Perhaps this is a silly question but I am trying to understand Einstein's general theory of relativity.

I would like to explain my question in more detail.

The greater the mass of an object, the greater the curvature of spacetime.

If I imagine the curvature of spacetime as a hole with a steep slope around it, I can picture that the closer I get to the center of the hole, the steeper the slope is and therefore the more I would be pushed into the center of the hole. I am not completely sure if that's a very good analogy but in general I think I get the picture of timespace curvature as depicted here: https://upload.wikimedia.org/wikipedia/commons/2/22/Spacetime_curvature.png

Now, my question is why is it that the size of the hole matters if I am not standing on the edge (side) of the hole or in the hole but rather on an object that 'covers' the hole (Earth).

Let's say if I stand on a bridge that covers a 20-meter-wide hole and on a bridge the covers 500-meter-wide hole. Wouldn't the gravitational force experienced be the same since the surface on both bridges is flat?

  • $\begingroup$ Why the down votes? $\endgroup$ Commented Apr 15, 2015 at 9:31

1 Answer 1


The Earth doesn't cover the hole, the Earth is the hole. Gravity is an attractive force, so were you not standing on the Earth, the Earth's gravity would cause you to accelerate towards it. As you are standing on the Earth, you feel this acceleration as your weight, just as you would feel pressure if you were to push against a wall.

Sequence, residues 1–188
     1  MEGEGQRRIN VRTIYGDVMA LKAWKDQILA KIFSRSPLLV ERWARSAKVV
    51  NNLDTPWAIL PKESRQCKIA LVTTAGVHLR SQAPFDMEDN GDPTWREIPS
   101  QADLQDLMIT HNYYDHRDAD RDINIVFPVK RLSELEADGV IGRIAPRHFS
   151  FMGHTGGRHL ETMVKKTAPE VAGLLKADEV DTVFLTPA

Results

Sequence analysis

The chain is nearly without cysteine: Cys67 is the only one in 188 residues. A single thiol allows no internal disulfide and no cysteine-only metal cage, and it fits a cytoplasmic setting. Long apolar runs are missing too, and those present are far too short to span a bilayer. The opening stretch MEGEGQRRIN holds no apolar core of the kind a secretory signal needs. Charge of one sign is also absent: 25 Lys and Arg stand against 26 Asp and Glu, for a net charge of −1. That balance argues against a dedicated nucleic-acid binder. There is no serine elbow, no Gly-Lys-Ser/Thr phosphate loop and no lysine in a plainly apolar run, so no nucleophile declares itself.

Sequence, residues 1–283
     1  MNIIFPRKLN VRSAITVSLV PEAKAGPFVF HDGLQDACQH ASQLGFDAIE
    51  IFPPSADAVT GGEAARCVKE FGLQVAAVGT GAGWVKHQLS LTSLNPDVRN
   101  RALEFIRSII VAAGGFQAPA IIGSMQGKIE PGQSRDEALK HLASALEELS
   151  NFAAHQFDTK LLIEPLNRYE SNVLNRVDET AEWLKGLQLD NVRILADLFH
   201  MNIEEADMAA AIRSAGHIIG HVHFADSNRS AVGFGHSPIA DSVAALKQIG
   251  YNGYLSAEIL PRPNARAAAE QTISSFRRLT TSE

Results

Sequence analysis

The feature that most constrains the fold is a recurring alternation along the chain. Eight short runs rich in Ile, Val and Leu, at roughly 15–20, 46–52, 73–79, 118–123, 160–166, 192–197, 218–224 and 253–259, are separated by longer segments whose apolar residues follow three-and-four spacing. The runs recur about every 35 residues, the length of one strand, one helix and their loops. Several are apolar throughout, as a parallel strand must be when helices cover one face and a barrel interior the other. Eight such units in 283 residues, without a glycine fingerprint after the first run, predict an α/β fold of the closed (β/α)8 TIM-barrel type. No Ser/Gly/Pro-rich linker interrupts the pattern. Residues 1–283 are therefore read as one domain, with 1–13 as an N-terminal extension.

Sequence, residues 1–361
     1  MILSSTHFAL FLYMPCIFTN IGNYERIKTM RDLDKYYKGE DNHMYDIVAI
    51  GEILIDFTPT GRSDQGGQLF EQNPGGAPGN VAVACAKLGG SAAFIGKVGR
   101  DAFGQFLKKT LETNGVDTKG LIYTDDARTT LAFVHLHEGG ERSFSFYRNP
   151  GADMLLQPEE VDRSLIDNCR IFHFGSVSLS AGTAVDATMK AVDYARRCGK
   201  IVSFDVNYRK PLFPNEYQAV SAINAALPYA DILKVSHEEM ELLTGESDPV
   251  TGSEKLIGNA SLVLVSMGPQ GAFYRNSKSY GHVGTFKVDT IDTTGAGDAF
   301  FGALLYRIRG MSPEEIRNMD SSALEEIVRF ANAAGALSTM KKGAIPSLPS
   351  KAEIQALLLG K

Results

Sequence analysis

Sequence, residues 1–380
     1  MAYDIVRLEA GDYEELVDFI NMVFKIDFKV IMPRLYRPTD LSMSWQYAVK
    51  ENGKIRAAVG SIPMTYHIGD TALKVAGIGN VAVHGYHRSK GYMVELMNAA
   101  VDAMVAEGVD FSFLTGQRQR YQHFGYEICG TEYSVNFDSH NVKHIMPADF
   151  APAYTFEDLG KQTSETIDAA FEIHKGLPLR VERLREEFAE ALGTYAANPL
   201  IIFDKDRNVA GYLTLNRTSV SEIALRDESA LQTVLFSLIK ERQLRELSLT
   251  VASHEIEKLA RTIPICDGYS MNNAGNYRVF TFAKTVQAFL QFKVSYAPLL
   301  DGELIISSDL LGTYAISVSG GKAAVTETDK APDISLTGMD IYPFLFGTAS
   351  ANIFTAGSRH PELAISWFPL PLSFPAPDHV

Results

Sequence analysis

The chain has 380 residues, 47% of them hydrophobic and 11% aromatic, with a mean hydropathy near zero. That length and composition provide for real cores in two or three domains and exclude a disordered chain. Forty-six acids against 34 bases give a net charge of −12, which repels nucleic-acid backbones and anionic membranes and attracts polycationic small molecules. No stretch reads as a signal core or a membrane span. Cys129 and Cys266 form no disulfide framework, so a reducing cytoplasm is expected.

To take a more complex view, we would say that you are being attracted to the local center of gravity, which is located within the Earth. Take your bridges example, it doesn't matter that something obstructs you from reaching the center of gravity. You will feel the attraction of gravity regardless. If you jump while standing on a bridge, you would land just the same as if you jumped while standing on the ground (though please try not to miss the bridge). The graphic is meant to illustrate the strength of the force based on the mass of the attractive object and distance.

If we were to put you on a more massive object, which would have a steeper curvature, you would experience this as increased weight, which is why our lunar explorers bounced around on the moon instead of walking.


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